and are also similar to higher U.S. exposures (in the 95th percentile).36
Differences in population selenium levels have been hypothesized to explain discrepant findings of prior studies with respect to mercury and cardiovascular risk — in particular, a study from Finland.7
Before soil supplementation was begun in the 1980s, selenium levels in Finland were among the lowest in Europe (mean serum level, <70 µg per liter).37
In the Finnish mercury study, average serum selenium levels at baseline (from 1984 through 1989, after soil supplementation began) were higher (117 µg per liter)7
but still below average U.S. levels (138 µg per liter).38
In our study, we found no evidence of an increased risk with higher mercury levels, even among participants with selenium levels in the lowest decile (<0.64 µg per gram in toenails, approximately equivalent to <91 µg per liter in serum39
). We also found no evidence that mercury was harmful among participants in different strata of fish consumption, including those with low fish consumption, in whom higher mercury levels would suggest more exclusive consumption of mercury-contaminated fish.
Our analysis cannot exclude the possibility of mercury-related cardiovascular toxicity at higher exposures than those observed in our cohorts or in the setting of frank selenium deficiency, which would be rare in U.S. cohorts. Ecologic or small cross-sectional studies in more highly exposed populations in the Amazon,40
the Faroe Islands,32
suggest that methylmercury exposure may be associated with higher blood pressure or lower parasympathetic activity; ecologic evidence of an increased risk of clinical cardiovascular events is lacking.43
Our analysis has potential limitations. Although toenail concentrations of mercury provide an excellent biomarker of integrated, usual methylmercury exposure during the previous year, changes in dietary exposure over time could attenuate true relationships toward null. Toenail mercury concentration serves as a marker of fish consumption, and our findings may be partly confounded by the beneficial effects of fish intake, despite adjustment for responses to the dietary questionnaire; this might account for trends toward lower risk. Although the findings were similar in the two independent cohorts and there is little reason to believe that biologic effects of methylmercury in these populations would be different from those in the general population of women and men, these cohorts comprised largely white, educated U.S. adults, potentially limiting generalizability.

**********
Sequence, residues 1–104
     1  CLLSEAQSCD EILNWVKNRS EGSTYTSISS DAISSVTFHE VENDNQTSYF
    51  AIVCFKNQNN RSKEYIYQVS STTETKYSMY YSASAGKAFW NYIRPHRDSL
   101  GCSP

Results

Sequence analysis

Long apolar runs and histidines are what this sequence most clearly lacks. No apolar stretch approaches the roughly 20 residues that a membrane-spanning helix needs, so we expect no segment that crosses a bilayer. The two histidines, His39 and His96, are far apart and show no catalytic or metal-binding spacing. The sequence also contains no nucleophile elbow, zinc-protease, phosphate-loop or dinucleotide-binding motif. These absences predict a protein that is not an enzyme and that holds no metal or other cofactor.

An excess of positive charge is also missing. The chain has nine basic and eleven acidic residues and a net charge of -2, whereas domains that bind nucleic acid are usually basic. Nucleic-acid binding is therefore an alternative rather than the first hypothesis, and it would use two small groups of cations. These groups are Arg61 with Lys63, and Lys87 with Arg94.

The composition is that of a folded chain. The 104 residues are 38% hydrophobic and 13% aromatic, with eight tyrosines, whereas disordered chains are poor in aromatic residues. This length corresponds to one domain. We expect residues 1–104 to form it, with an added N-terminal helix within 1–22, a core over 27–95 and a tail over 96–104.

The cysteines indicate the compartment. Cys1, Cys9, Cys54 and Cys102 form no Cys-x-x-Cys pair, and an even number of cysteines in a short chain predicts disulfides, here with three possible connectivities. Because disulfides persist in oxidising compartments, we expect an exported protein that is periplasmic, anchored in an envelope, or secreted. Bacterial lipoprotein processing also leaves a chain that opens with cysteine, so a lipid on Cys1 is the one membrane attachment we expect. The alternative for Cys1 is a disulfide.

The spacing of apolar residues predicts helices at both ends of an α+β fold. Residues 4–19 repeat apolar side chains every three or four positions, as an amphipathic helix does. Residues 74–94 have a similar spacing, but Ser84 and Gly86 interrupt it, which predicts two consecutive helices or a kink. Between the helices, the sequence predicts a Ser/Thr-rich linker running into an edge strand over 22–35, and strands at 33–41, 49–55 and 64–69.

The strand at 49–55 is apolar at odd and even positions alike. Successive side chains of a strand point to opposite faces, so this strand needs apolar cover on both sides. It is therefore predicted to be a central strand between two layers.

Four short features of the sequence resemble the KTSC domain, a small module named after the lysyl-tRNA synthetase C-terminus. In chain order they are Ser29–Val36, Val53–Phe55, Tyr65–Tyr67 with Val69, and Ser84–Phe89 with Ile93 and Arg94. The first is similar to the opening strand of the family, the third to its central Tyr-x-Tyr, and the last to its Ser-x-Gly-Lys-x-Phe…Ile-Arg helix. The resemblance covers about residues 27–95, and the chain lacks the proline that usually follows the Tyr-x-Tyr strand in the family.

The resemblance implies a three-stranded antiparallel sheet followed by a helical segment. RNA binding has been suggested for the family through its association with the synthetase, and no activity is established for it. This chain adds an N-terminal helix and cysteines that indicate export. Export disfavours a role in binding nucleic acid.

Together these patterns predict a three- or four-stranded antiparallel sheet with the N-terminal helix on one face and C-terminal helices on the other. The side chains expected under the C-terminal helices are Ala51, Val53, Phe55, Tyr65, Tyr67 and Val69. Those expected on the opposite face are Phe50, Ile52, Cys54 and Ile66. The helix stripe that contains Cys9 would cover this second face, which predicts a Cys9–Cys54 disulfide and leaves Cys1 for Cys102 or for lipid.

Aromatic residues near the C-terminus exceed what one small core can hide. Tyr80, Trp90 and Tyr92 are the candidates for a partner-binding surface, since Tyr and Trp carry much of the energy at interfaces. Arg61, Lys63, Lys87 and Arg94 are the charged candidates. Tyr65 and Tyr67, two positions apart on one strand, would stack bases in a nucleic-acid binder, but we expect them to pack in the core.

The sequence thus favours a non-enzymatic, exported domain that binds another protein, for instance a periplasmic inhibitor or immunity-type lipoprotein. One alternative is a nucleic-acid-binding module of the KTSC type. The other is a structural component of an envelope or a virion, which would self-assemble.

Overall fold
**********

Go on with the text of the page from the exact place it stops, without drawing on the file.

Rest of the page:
The absence of any association between mercury exposure and increased cardiovascular disease risk in adults should not alter ongoing public health and policy efforts to reduce mercury contamination in fish and the environment, which could still have the potential to offset, at least in part, the net cardiovascular benefits of fish consumption. Our findings should also not alter advisories directed toward women who are or may become pregnant or who are nursing, since methylmercury exposure from consumption of specific fish species could cause neurodevelopmental harm, or at least partly offset the neurodevelopmental benefits of fish consumption, in their children.
In summary, this prospective study of two large cohorts of men and women in the United States showed no evidence of a relationship between mercury exposure and increased cardiovascular disease risk.